4. 4. CPACOE.COM • Booklet Two • 5 KENT: Absolutely. There are those in the organization who are technical experts, and that may be where they find themselves throughout their profession. And it’s not because they don’t want to be the rainmakers. It’s not because they don’t want to work on those networking skills, but because they’re just really good at the technical side. But at the same time, they, too, can work on those areas — those communications skills or decision making or critical thinking skills. That ability to walk into a room, work that room, network, and still play their role within the organization if they choose to do that. DAVID: If we look at music, most people would likely still say today that Beethoven was an excellent composer. His work has stood the test of time. But when we look at fields such as sport, you can talk about people being excellent in their time, but they’re no longer regarded as being as good because the game has changed. The speed of the game has changed. The expectation. The height of receivers has changed. The pace or the speed of running backs has changed, so it’s very difficult to compare one generation of sport with another. But we find that as well when we start to look inside CPA firms. That excellence is based on that moment in time — what we’re seeing here and now. But with the changing profession, what we see as excellent now might not have the same relationship or the same definition in five years’ time. KENT: What do you think it’s going to take for that idea of a commitment to excellence for an individual, organization and so forth? DAVID: It has to be recognized within the individual. It gets to a point where we have to learn to constantly learn, and we have to understand how to learn. We have to understand how to become more of a critical thinker about what’s happening around us. We have to take that constant position of challenging and questioning, “Why? Why is this accepted? Why do we always do it this way? Why do I always do it this way?” Understanding how you learn and continuously learning is really one of the key elements in developing lifelong excellence. KENT: For those that are reading this today: what would be the “iron sharpening iron” characteristics of those individuals who challenge you? What are you looking for in those individuals? DAVID: You get to a point in your life where you realize you can surround yourself with the Kent Williams, CPA, CGMA, is the INCPAS Board Chair 2014-15, and an assistant professor at the DeVoe Division of Business at Indiana Wesleyan University. David Griffiths, Ph.D. is the CPA Center of Excellence® Advisor, and the founder of Alkame, a knowledge capability consultancy firm that leverages proprietary award-winning research to improve social, intellectual and human capital development.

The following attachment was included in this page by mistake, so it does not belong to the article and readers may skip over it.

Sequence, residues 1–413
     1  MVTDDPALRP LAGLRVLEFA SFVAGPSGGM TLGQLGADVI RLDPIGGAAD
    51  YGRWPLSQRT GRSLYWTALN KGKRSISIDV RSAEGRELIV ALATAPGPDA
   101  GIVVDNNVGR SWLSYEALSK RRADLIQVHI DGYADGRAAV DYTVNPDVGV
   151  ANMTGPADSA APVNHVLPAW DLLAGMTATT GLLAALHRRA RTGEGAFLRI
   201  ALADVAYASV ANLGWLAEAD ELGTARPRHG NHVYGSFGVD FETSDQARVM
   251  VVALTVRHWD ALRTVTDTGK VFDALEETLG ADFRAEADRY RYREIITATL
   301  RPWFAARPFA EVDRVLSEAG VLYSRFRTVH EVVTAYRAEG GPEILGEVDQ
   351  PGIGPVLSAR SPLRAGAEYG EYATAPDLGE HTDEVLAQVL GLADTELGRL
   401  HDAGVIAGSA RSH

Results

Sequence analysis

5. 5. 6 • CPA Center of Excellence® wrong people. The people that tell you you’re doing everything great. To a certain extent that’s fantastic, but for me, I’ve been trying to seek out people — especially over the last seven to 10 years — that will challenge my point of view. I’ve got other people in my life that will turn around and just go, “You’re wrong. You’re an idiot, and you’re wrong, and just don’t do it that way.” And they’re very confrontational. While it’s not the type of approach I’d take, it’s more about the fact that I’m willing to listen. I can and have to listen now, because I realize that they are key contributors to my success and my idea of excellence. It’s great to have people who will challenge you. KENT: Even if they deliver the message to us in an incorrect way — maybe they’re harsh — if there’s truth embedded in what they’ve said, I have a responsibility to do something with it. Maybe it’s a manager — maybe it’s your manager and they respond to you in a very harsh way, and boy, that’s difficult to hear. You don’t like it. It’s not something you’ve necessarily sought out and asked their opinion about. But they’ve delivered something to you — a criticism. And I think that if you can listen and step back and say, “Ok, is there any truth in it?” then do something with it, that will help achieve excellence. DAVID: You know, I think one of the defining things when it comes to excellence — and I argue that you can’t be a chief exec unless you have this particular characteristic — is an internal locus of control. We have people that have either an internal locus of control, or an external locus of control. When things happen to them — when they get criticism — people with the external locus of control will turn around and blame somebody else. It’s outside of their control. You get to a point in your life where you realize that you can surround yourself with the wrong people. The people that tell you you’re doing everything great.